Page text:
It was a dark night in October when I wrote a poem on the wall outside of Starbucks. There was a paper hanging from the wall and other people wrote poems on it too. My poem was the best poem. It went as follows:
“This school is killing my soul.
But I just bought a new jacket at forever 21.
So I can forget about death for 3-5 business days.”
The jacket was real, and I was wearing it as I wrote the poem on the wall. It was a blaze orange bomber made out of a slightly reflective material. I’ve always liked neon colors and this item was like a rare traffic cone in an ensemble of dayglo construction signs and those sticks that the people on the airplane landing strip hold above their heads.
On a curiously chilly night in November, my Forever 21 jacket was ruined forever. With it in ruin lay my very rare neon green Sadboys Season 1 Astroboy hoodie, which I could probably sell for $800 on eBay if it didn’t have some stains.
The reason these two garments of mine were destroyed is because I left them in the dryer for too long. The dryer at my house has a reputation for “not working.” I don’t know if this is true, but when I take my clothes out of it after a 70-minute interval of being in there, they are not dry.
It’s funny, the expression “out of sight and out of mind.” I discovered this afternoon that some spinach I had purchased about a week ago was getting wilted because I put too much water in the bag. I was not aware of this until it was too late, though, because I always put the spinach bag in the refrigerator without closing the bag tightly nor being cognizant of the pool of water that lies at the bottom of it. This anecdote is an instance of the meaning behind the phrase “out of sight and out of mind” biting me in the butt, because I was repressing my awareness of the spinach and it’s questionable containment once it entered the refrigerator.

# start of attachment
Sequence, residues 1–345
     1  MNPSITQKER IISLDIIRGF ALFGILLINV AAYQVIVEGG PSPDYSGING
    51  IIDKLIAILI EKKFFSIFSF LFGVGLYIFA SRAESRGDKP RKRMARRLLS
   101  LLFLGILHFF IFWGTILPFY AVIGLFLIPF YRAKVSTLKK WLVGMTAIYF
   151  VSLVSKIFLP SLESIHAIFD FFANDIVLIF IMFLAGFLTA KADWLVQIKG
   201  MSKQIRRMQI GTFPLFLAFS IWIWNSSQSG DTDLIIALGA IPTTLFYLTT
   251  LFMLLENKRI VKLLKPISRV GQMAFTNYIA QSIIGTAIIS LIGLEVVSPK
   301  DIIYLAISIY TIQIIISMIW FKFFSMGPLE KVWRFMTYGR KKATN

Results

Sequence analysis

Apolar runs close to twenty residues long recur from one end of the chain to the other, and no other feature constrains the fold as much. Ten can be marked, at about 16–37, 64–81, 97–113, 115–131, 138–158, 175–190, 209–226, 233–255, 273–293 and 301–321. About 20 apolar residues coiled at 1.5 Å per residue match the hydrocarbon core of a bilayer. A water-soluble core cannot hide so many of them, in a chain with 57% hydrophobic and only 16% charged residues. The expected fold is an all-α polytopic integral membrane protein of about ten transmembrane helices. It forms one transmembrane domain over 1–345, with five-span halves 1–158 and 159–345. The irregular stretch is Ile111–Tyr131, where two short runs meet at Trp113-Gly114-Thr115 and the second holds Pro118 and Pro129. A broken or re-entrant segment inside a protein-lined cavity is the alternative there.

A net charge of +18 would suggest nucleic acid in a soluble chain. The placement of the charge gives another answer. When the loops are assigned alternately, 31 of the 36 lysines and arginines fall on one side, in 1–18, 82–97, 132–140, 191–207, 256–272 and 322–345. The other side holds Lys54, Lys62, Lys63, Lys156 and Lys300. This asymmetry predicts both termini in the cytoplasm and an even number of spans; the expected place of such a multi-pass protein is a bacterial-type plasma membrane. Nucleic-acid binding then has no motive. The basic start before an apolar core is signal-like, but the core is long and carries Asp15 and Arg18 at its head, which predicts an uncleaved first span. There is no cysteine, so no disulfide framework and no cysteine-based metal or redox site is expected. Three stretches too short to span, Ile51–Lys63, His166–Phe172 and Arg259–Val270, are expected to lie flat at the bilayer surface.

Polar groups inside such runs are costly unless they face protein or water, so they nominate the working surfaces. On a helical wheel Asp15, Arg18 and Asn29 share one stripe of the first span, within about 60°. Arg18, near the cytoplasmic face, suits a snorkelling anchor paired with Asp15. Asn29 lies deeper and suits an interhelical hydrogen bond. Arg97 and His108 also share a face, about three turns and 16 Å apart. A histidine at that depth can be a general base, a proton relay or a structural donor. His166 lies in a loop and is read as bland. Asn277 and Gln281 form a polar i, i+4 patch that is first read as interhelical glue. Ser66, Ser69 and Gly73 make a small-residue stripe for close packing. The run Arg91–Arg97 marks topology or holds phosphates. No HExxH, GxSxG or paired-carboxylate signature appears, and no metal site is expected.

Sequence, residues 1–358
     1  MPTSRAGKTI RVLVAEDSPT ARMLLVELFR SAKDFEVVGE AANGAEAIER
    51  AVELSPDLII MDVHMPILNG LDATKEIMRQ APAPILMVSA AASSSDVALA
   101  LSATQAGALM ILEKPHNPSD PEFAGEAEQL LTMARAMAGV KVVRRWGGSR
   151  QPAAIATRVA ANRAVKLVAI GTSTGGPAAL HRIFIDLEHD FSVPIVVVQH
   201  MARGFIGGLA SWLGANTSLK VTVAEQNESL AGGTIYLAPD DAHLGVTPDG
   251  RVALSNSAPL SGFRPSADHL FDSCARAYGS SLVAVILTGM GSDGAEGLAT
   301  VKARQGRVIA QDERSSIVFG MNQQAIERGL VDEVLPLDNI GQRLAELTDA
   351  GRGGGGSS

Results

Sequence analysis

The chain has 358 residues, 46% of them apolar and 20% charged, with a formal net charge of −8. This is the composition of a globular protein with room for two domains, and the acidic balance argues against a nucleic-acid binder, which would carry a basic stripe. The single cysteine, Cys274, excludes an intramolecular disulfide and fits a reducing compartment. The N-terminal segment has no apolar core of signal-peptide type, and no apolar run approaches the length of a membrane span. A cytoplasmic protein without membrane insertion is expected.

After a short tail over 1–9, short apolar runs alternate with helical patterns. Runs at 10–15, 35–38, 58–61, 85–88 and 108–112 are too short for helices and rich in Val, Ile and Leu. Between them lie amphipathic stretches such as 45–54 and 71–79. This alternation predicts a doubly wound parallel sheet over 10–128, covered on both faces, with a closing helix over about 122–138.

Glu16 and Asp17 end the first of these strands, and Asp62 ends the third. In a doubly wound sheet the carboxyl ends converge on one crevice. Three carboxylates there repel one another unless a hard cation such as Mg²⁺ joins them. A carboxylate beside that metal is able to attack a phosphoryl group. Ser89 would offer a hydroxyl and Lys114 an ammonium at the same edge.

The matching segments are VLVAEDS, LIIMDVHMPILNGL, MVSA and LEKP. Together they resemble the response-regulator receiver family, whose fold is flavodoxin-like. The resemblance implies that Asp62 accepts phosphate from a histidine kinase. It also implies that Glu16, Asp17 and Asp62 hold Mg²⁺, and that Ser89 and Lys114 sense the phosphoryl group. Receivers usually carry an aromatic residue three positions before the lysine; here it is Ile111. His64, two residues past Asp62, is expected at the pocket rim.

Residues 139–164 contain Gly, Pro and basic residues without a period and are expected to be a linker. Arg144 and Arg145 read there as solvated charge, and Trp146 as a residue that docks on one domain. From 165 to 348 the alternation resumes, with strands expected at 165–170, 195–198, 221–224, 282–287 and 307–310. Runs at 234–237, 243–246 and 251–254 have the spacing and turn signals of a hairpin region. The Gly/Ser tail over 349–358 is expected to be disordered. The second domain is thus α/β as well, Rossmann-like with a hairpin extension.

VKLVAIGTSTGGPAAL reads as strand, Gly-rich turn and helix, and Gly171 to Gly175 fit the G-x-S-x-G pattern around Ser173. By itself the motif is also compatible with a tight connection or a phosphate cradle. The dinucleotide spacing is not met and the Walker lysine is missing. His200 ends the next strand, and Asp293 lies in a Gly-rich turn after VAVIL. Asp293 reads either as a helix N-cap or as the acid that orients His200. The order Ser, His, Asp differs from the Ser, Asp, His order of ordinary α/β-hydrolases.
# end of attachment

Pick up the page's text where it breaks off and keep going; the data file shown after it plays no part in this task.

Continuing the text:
It is with this human folly in mind that I had stuffed a haphazard entanglement of chinos and therma-fit tops into the dryer for a second period of 70 minutes on that fateful for night in November. After I put the clothes in the dryer a second time, I leaned against a counter eating peanut butter from a jar with a fork and moving items around on a table but not removing them from the table. When I got my Forever 21 jacket out of it, the fabric was so degraded you might as well have mistaken the garment for a light scarf you wear at West Palm Beach while driving a Buick LaCrosse to the sports bar at 6p.m. in February.
The inner layer of the jacket was the most devastated by the effects of 140 minutes of drying. From that fateful day onward, when I wore the jacket I wouldn’t even dare to move my arms in too rapid a direction because the inner material on the jacket had the papery and thin texture of a moth’s wings. I still wear the jacket as a fashion statement, but I still feel as though something is unsettled when I’m wearing it.
This is a reminder to do your research before you dry your clothes. It might seem like drying your clothes is not that big of a deal but for some garments it actually is. Don’t be like me and learn that lesson the hard way because now some of my favorite jackets and sweaters are too small for me, even though I still wear them. Make sure you do your research on drying clothes before you dry them. If you don’t, you will make the same mistake I made and it will already be too late.